that year was not my best. my grades were never high, but that year they were particularly low.
my parents started out worried. that quickly became angry when my teachers kept calling them into school.
they always told me i was a problemed kid, but my only problem was them.
they never listened to what i said.
they always insisted that i say what they were listening for.
but i didn't.
so, they never heard me.
grades didn't mean much to me, still don't. but they meant a lot to others. and it was others who called the shots.punishment.but never to their satisfaction.
special education programs.
even reform school.
i had never had much luck with making friends, and my constant reprimands and relocations didn't help very much. the only true friend that i can remember was this one girl.
i used to call her Maudlin,
except her real name was Stacey.
she didn't like me all that much, but she'd put up with me.
my problems didn't bother her. she said she had problems of her own.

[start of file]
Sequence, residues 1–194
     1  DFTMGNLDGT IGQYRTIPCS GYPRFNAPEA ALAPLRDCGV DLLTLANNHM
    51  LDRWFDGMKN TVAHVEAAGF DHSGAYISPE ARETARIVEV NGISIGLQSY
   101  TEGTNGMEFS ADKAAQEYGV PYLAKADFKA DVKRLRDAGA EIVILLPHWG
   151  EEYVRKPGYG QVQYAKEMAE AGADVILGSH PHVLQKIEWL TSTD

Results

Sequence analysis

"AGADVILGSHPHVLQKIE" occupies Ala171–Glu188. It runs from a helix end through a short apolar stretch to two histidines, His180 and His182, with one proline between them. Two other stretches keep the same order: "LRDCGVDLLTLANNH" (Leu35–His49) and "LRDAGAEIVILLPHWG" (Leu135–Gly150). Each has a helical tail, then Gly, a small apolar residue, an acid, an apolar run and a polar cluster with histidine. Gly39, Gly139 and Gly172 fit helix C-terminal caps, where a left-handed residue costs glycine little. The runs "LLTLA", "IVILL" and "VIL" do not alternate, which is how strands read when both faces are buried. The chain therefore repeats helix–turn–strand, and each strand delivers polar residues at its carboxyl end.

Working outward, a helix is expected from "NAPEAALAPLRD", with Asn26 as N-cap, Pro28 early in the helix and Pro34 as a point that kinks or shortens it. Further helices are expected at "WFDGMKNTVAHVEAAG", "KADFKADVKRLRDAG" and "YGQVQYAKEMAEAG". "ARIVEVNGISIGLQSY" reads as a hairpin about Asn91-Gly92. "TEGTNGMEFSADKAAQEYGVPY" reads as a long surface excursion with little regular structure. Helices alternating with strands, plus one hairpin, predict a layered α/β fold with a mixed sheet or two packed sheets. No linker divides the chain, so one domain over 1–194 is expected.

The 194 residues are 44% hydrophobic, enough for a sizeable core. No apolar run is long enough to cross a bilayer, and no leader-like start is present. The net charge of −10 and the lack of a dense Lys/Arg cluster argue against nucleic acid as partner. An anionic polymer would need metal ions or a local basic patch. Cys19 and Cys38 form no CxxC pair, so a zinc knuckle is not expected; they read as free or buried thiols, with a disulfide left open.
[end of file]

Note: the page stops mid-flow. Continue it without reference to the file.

she cried when i told her that my moth had died.
she took it worse than i did.
she said that death scared her.
she lived down the street from me. her house was the weirdest looking one on the street. it was new, while all of the other houses were old. especially mine.
she never cared, but i liked the feeling of her house: it didn't seem so monstrously old.
for a while, i wanted to burn my house down. even, for a while, to burn all of the houses down -- except hers.
i figured i could live in her house. i guess i always figured i would, some day.
some days, i pictured her as my wife...
but i did not know all of the things a wife did and i was sure she didn't want to cook and clean for the rest of her life.
as i grew older, i learned more.
we talked about marriage occasionally, but neither of us had enough malleable dreams, and so we always ended our talks in full-blown arguments.
in a way,
i guess we were almost married. and that was as close as i've ever come.